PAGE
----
The first five chapters of Acts revolve around the Temple in Jerusalem (Acts 2:46; 3:1-10; 4:1; 5:20-24, 42). In Acts 6, Luke’s narrative turns toward Jews from the wider Diaspora whose common language is Greek.
The Hellenists’ complaint: Acts 6:1-8
Outside of Jerusalem, Jews spoke Greek, the imperial language. Those who immigrated to Jerusalem from this Diaspora brought Greek language and Hellenistic culture with them. The early church included this diversity (Acts 2). In Acts 6 a conflict arises between the Hebrew- or Aramaic-speaking members of the early church and the Hellenist or Greek-speaking immigrant members.
The conflict concerns the Hellenist widows and the daily diakonia (6:2). The Greek word diakonia describes some ministry, here involving service at table, that parallels the diakonia of the word practiced by the apostles (6:4). Scholars think this diakonia may have involved care for the poor. However, preachers should not assume that the Hellenists’ widows were themselves poor.1 The neglect may involve the equal distribution of responsibility and honor between the local “Hebrew” widows and the immigrant “Hellenists.”
The apostles repair the injustice by ordaining seven immigrant Hellenist men to ensure diaconal parity. All seven have Greek, not Hebrew, names. One, Nicolaus, is even a proselyte, a former polytheist and convert to Judaism.2 Consider how here Acts models reparative justice for excluded groups. Note also that here Acts presents parity between the diakonia of service and of the word in Christian ministry.
The Hellenists versus Stephen: Acts 6:9-14
Acts 6:9 focuses on formerly enslaved Hellenist Jews from North Africa and Asia Minor who had organized a synagogue, perhaps to study the scriptures and pray in Greek, their mother tongue. Conflict erupts between them and Stephen, one of the seven chosen Hellenist men.
Luke’s account here parallels Jesus’ conflict with the Pharisees (for example, Luke 11:53). Unable to best Stephen in debate, they bring him before the elders of the Sandhedrin (the council of Jerusalem elites) on false charges. The scene invokes the trial and crucifixion of Jesus (see especially Luke 23:1-5). The Hellenists charge Stephen with slandering Moses and the Temple, with threatening the Temple’s destruction, and with proposing changes to the customs handed down by Moses (7:14). Their charges recall Jesus’ prophecy about Jerusalem (Luke 21:5-34). However, the Hellenist Jews charge that Stephen expects Jesus himself to destroy the Temple. Stephen’s actual beliefs on the Temple’s destruction are never clearly stated. More likely Luke’s narrative reflects his community’s discussions about the theological importance of the Temple a decade after its destruction.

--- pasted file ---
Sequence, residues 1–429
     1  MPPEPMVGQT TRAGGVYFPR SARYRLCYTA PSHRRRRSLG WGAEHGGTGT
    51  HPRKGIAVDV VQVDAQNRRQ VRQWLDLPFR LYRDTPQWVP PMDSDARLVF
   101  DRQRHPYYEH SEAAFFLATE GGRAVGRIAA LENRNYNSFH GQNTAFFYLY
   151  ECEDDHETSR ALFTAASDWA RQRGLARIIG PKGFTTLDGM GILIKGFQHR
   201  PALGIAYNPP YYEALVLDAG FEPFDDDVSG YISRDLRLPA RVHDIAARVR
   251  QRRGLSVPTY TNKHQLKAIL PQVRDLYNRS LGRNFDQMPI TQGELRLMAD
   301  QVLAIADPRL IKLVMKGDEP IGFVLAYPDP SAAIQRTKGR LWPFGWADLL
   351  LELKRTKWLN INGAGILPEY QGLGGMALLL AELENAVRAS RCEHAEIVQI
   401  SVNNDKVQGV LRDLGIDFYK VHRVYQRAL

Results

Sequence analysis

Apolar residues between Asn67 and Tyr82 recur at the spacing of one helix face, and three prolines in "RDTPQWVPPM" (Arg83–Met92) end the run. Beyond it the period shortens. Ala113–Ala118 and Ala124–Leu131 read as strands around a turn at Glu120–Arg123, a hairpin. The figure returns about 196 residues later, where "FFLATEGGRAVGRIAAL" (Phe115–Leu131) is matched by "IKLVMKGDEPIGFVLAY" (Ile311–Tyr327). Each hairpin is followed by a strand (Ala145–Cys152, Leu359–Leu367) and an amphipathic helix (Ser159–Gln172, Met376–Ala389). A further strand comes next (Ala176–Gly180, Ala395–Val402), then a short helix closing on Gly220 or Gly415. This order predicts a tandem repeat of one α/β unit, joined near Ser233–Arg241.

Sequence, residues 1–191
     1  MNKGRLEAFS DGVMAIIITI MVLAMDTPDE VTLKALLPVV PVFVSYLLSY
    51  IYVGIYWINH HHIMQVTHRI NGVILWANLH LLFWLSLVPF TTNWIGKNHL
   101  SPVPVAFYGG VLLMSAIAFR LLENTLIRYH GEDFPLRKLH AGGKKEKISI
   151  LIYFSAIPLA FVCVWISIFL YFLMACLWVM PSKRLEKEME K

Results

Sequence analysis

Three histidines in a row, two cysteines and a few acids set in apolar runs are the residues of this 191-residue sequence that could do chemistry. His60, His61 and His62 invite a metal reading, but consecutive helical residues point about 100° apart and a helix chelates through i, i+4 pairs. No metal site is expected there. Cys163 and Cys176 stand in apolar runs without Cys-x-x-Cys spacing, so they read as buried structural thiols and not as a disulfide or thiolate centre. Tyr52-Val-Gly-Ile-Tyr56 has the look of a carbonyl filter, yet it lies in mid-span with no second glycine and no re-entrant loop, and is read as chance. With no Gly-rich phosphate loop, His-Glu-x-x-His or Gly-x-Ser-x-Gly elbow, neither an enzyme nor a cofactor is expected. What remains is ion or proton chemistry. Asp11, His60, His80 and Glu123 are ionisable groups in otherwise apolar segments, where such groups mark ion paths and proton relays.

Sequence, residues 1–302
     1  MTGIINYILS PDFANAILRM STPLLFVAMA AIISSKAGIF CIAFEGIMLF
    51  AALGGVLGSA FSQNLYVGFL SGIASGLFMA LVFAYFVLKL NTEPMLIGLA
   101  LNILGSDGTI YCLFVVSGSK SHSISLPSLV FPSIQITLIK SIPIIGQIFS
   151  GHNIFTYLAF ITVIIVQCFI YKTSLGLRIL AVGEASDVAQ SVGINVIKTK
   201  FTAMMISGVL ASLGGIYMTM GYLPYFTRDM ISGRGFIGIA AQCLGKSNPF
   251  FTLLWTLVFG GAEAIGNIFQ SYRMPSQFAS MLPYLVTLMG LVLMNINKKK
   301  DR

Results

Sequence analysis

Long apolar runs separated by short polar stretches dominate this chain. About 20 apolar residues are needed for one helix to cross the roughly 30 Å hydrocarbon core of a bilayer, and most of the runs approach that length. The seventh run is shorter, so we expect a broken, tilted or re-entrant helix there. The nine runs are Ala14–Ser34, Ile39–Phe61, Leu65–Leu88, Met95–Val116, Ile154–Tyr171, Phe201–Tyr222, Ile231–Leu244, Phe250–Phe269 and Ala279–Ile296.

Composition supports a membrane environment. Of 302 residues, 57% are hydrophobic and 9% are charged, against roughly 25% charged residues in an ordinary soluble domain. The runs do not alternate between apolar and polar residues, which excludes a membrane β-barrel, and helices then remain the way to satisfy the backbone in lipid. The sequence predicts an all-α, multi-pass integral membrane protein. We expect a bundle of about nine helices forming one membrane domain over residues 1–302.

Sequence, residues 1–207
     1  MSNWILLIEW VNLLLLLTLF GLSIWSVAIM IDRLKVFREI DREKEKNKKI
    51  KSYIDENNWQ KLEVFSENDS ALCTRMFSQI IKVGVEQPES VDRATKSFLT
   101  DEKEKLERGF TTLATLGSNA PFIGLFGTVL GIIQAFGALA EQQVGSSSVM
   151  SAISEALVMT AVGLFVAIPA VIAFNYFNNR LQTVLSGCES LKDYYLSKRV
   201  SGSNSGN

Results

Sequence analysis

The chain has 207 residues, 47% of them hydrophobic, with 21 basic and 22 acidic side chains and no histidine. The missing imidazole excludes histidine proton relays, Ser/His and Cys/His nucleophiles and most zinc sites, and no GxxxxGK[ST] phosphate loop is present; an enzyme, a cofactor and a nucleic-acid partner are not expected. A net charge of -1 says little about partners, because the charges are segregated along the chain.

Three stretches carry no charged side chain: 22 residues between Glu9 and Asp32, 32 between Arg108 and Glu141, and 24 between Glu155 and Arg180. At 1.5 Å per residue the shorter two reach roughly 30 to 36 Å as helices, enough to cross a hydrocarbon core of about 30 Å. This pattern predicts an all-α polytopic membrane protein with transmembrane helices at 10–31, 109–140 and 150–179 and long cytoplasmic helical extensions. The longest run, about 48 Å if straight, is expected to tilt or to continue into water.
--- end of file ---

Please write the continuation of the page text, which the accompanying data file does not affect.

Stephen’s jeremiad: Acts 6:15-7:1a, 44-53
Stephen’s speech begins with a change in his appearance, perhaps recalling Moses (6:15, see also Exodus 34:30). Rather than self-defense, he delivers a jeremiad, a prophetic accusatory speech. Stephen begins with stories of the patriarchs, highlighting the people’s repeated rejection of Moses’ leadership (7:1b-43). In verses 44-50, he discusses the Tabernacle or Tent of Witness. For the refugees from Egyptian slavery, the Tent marked God’s continuous presence and guidance until the days of Solomon (see Exodus 25-31, 33; Joshua 18:1; Psalm 132:5).
However, in verses 47-48, Stephen challenges Solomon’s decision to build a Temple. Quoting Isaiah 66:1-2a, he asserts that God does not live “in what is made by human hands (en cheirpoiētois).” The phrase en cheiropoiētois normally denigrates statues created for the worship of other gods. Through Stephen, Luke implies here that the Temple building constitutes a kind of idol. This may assuage a community struggling with Rome’s destruction of the Temple, but it misrepresents actual Jewish beliefs.
Next Stephen launches into a diatribe, accusing his mixed Jewish audience of betraying and murdering the prophets and Jesus, an ongoing argument in Acts (see 7:52-53; see also Acts 2:24, 3:14; Luke 6:23; 11:47). Stephen’s speech reflects the insider rhetoric of Luke’s audience as they interpret the hostility they may experience from fellow Jews. This insider narrative blames their opponents for Jesus’ death. Avoid adopting this rhetoric as historical fact. The Romans, not the Jews, destroyed the Temple. Violent Christian anti-Judaism has often been stoked by passages like this. Rather, in this season of pandemic-enforced virtual church, ponder Christian fetishization of buildings, and other permanent, non-moveable structures.
Stephen takes a knee: Acts 7:54-60
The crowd is already enraged when Stephen announces a theophany: Jesus standing at God’s right hand. Stephen’s deliberate, almost hypermasculine calm here contrasts with the crowd rushing at him with uncontrolled fury. Even as they stone him—the equivalent of a lynching rather than a state-sanctioned execution—Stephen quietly takes a knee (7:60). Then, echoing Jesus, Stephen speaks words of forgiveness and relinquishes his spirit (Luke 23:34, 46). Stephen’s final protest marks him as a faithful witness, a martyr. His final posture echoes others in today’s society, who raise their voices in a jeremiad for justice and who, in face of societal rage, take a knee.
Holy Giver and Receiver of life, Your martyr, Stephen, shined with the light of your Holy Spirit. When his opponents took his life, he offered up his spirit to you, and prayed mercy for theirs. Make Stephen an example of faith and courage for all your followers, for the sake of the one who brought light and life to this world, Jesus Christ. Amen.
Alleluia! Sing to Jesus ELW 392, H82 460, 461, NCH 257 Lord, you give the great commission ELW 579, H82 528 Praise, praise! You are my rock ELW 862
Praise to the Lord, Hugo Distler